How to Receive a Compliment

January 26, 2011 by Rabbi Michoel Gourarie
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Have you ever thought of how you respond when someone compliments you or appreciates what you have done?


Rabbi Michol Gourarie photo: Henry Benjamin

When someone says: “Here is a small gift as a token of appreciation for all of your help,”  do you say:


a) Thank you that was so kind


b) You really shouldn’t have, it was so unnecessary


When your friend tells you that you really look good today do you say:

a)      Thank you


b)      Are you kidding? I was so late today that I rushed out looking like I have gone through a battlefield!


If you give a presentation and someone from the audience comments that it was interesting, inspiring and well presented, do you say:

a)      Thanks for the feedback


b)      You are too kind, I don’t think I made that much sense today

One of the foundations of human experience is healthy relationships. Successful relationships are nurtured by a principle of giving and receiving. Giving to and receiving from each other creates a bond and brings us closer.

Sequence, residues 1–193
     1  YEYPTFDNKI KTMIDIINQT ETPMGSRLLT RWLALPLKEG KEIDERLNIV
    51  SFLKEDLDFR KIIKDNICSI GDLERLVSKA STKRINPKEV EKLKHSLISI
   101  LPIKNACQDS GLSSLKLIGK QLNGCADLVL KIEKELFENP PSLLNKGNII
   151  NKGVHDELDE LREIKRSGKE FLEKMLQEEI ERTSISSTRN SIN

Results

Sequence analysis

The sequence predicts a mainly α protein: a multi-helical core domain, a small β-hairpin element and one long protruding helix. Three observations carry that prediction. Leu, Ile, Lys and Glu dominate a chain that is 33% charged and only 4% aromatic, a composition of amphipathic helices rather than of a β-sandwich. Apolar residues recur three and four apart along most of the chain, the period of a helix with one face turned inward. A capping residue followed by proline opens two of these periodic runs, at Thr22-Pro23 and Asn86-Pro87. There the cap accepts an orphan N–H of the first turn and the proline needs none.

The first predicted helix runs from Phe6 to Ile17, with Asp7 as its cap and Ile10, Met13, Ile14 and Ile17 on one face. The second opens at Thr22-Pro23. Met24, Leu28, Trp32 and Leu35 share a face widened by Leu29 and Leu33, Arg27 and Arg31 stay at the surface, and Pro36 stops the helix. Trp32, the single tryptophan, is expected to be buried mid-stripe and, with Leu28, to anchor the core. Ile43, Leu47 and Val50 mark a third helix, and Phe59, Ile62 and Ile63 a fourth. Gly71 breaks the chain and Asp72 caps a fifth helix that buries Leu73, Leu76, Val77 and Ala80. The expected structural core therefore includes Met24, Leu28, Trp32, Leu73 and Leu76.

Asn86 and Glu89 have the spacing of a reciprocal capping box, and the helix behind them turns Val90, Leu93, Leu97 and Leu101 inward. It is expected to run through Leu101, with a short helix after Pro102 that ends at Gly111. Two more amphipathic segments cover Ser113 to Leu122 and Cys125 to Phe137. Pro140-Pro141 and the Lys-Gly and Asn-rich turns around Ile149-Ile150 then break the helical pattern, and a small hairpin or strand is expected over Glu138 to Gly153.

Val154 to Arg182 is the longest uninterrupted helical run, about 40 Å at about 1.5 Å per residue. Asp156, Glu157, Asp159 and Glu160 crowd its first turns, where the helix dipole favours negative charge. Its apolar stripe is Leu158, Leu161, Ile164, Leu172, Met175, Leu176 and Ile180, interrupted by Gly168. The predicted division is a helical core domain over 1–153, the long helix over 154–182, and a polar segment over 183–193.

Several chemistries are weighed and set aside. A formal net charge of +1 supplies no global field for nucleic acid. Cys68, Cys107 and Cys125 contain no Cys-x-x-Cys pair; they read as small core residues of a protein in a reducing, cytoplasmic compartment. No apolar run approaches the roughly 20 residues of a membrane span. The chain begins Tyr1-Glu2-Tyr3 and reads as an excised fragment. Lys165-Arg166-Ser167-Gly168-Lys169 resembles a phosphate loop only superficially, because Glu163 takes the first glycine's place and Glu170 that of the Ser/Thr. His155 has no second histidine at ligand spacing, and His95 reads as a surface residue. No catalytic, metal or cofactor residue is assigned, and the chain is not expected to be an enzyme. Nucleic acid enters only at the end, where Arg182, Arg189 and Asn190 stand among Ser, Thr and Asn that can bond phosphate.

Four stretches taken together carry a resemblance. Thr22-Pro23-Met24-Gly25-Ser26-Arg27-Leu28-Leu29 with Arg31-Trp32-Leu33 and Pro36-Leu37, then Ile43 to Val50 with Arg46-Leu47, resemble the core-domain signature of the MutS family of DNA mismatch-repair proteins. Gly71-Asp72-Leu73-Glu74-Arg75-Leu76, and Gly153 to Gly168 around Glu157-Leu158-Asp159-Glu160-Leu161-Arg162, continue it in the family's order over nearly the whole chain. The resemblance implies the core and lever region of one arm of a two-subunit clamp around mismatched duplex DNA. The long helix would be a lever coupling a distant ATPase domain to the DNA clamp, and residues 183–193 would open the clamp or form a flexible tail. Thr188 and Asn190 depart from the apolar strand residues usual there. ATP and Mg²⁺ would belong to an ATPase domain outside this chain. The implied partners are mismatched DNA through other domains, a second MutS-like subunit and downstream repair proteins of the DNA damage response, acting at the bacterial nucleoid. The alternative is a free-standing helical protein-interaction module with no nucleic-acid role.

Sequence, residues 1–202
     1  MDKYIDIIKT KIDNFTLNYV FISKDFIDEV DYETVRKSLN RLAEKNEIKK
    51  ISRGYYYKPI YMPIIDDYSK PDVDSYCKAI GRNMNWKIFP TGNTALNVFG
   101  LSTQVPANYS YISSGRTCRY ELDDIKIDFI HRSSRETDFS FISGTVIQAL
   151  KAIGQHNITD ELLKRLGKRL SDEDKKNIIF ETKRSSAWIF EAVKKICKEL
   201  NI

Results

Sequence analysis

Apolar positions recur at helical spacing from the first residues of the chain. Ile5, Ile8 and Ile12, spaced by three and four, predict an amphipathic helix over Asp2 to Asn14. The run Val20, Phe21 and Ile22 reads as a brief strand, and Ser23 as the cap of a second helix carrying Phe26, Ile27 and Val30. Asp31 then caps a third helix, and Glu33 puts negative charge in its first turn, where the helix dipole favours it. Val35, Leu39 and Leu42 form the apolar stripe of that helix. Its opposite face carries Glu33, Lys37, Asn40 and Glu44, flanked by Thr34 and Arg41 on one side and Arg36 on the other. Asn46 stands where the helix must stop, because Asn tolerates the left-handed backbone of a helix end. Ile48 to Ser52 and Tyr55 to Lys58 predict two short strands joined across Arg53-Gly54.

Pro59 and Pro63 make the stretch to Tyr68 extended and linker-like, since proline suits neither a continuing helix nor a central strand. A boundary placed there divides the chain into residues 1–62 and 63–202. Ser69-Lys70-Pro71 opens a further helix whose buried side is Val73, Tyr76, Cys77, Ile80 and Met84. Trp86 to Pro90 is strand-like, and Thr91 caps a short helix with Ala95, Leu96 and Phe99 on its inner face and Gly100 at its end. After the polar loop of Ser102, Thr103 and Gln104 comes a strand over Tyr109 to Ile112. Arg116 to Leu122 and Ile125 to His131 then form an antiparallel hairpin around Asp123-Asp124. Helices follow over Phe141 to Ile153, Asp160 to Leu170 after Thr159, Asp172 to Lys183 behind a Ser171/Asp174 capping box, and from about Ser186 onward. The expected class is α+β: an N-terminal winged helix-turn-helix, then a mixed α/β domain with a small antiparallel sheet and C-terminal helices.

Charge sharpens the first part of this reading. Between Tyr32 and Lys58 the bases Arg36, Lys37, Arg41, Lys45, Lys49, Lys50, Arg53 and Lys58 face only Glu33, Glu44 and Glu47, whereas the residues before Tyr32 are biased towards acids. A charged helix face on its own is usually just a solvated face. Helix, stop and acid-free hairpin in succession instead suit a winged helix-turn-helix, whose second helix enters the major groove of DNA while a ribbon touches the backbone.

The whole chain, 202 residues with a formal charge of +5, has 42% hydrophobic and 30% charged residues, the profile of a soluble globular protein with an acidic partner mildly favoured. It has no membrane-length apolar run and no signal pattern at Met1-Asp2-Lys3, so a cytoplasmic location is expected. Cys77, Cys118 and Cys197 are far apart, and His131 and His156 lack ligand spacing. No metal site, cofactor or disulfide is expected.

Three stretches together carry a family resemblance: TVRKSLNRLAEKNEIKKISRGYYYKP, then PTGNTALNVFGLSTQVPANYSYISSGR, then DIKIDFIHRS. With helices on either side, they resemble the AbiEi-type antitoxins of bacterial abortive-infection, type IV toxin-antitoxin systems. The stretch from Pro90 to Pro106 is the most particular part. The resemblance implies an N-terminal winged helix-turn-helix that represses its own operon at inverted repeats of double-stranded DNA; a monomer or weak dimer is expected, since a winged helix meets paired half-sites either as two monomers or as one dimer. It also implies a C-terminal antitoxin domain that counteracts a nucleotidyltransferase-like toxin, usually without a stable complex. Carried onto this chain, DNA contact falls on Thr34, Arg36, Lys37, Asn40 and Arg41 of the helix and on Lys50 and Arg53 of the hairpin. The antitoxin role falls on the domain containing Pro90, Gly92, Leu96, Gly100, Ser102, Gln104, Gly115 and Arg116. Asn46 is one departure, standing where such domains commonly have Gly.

Sometimes we find it hard to give because it involves sacrifice. Whether we are giving something tangible, sharing a secret or acknowledging someone else’s strength, we often feel threatened that something is being taken from us and we are becoming weaker.

But receiving can also be hard. Our insecurity or false pride makes it difficult to take something graciously.  We might either feel unworthy or not want to show dependence on others.

But just as giving is so critical to the development of healthy relationships, so is receiving. Just as we must give we must also facilitate the ability for others to give. Making it difficult for someone to compliment us deprives them of that opportunity.

So if someone gives you a compliment, you don’t have to brag or show off but you can graciously accept it with a simple, smiling ‘thank you’.

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